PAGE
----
You have been asked the partners of your firm materiality which will provide guidance to members accounts of limited companies.
to prepare a draft memorandum on of staff in conducting the audit of the
a) Define materiality. (4 marks)
b) Explain the importance of this concept to the auditor. (6 marks)
c) Suggest some criteria for determining cut-off point in order to assess the materiality of an error. (10 marks)
(Total: 20 marks)
The auditor should consider materiality when conducting his audit. Materiality is defined as follows. ―Information is material if its omission or misstatement could influence the economic decisions of users taken on the basis of the financial statements‖. Materiality depends on the size of the item or error judged in the particular circumstances of its omission or misstatement.
Thus materiality provides a threshold or cut off point rather than being a primary qualitative characteristic which information must have if it is to be useful. The concept of materiality is key to the auditor when he is concluding whether financial statements show a true and fair view. The auditor can only report that the financial statements do not show a true and fair view on issues that are material. In designing the audit plan, the auditor establishes an acceptable materiality level so as to detect quantitatively material misstatements. However, both the amount (quantity) and nature (quality) of misstatements need to be considered. Examples of qualitative misstatements would be inadequate or improper description of an accounting policy when it is likely that a user of the financial statements would be misled the description and failure to disclose the breach of regulatory requirements when it is likely that the consequent imposition of regulatory restrictions will significantly impair operating capability.
The auditor should consider materiality at both the overall financial statements level and in relation to individual account balances, classes of transactions and disclosures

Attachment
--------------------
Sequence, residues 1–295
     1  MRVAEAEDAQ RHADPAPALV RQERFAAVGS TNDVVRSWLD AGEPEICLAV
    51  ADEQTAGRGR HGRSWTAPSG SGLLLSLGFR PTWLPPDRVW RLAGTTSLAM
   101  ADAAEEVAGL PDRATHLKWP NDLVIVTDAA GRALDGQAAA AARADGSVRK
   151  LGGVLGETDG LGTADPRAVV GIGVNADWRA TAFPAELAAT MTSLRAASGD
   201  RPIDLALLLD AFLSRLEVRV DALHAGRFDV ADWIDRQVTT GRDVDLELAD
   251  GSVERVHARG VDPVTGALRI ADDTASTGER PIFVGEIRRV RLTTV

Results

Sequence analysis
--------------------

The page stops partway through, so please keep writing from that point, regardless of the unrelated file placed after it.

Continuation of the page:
b) Materiality is important to an auditor because: –
Auditors should consider materiality and its relationship with audit risk when conducting an audit. The auditors responsibility is to plan and perform an audit to provide reasonable assurance that the financial statements are free of material
misstatement and give a true and fair view. Thus anything that would distort the view given the financial statements must lead to a qualification but only if its material.
Auditors should consider materiality when determining the nature, timing and extent of audit procedures.
Materiality assessments during planning assists in the determination of an efficient and effective audit approach. It helps the auditor decide on matters such as what items to examine and whether to use sampling techniques.
In evaluating whether the financial statement give a true and fair view, auditors should assess the materiality of the aggregate of uncorrected misstatements.
If the auditor believes that the aggregate of uncorrected misstatements may be material, he should extend his audit procedures to obtain more audit evidence in the relevant area or request management to adjust the financial statements.
If management refuses any adjustments the auditor should consider the implications for his audit report.
Therefore materiality provides a reference point in making decisions on the effects of misstatements on the financial statements.
c) Materiality guidelines can be derived answering the following questions:-
Who are the relevant users of the financial information?
What are their decision making needs?
For a given item, what is the appropriate context for assessing its materiality?
In what range of values do items become critical in terms of materiality?
How should particular items in these critical ranges be decided and reported?
The auditor should also consider:-
Is the item so fundamental that the accounts can no longer be said to give a true and fair view?
Materiality is a relative factor and the item must be considered in relation to the accounts as a whole, the total of which it would form part and the corresponding amount in the previous years.
Some items are capable of exact calculations others like depreciation are merely estimated and providing the estimate is reasonable, should be acceptable.
However, it is generally accepted that:-
a) Errors over 10% are material
b) Errors between 5 – 10% may be material
c) Errors under 5% may not be material.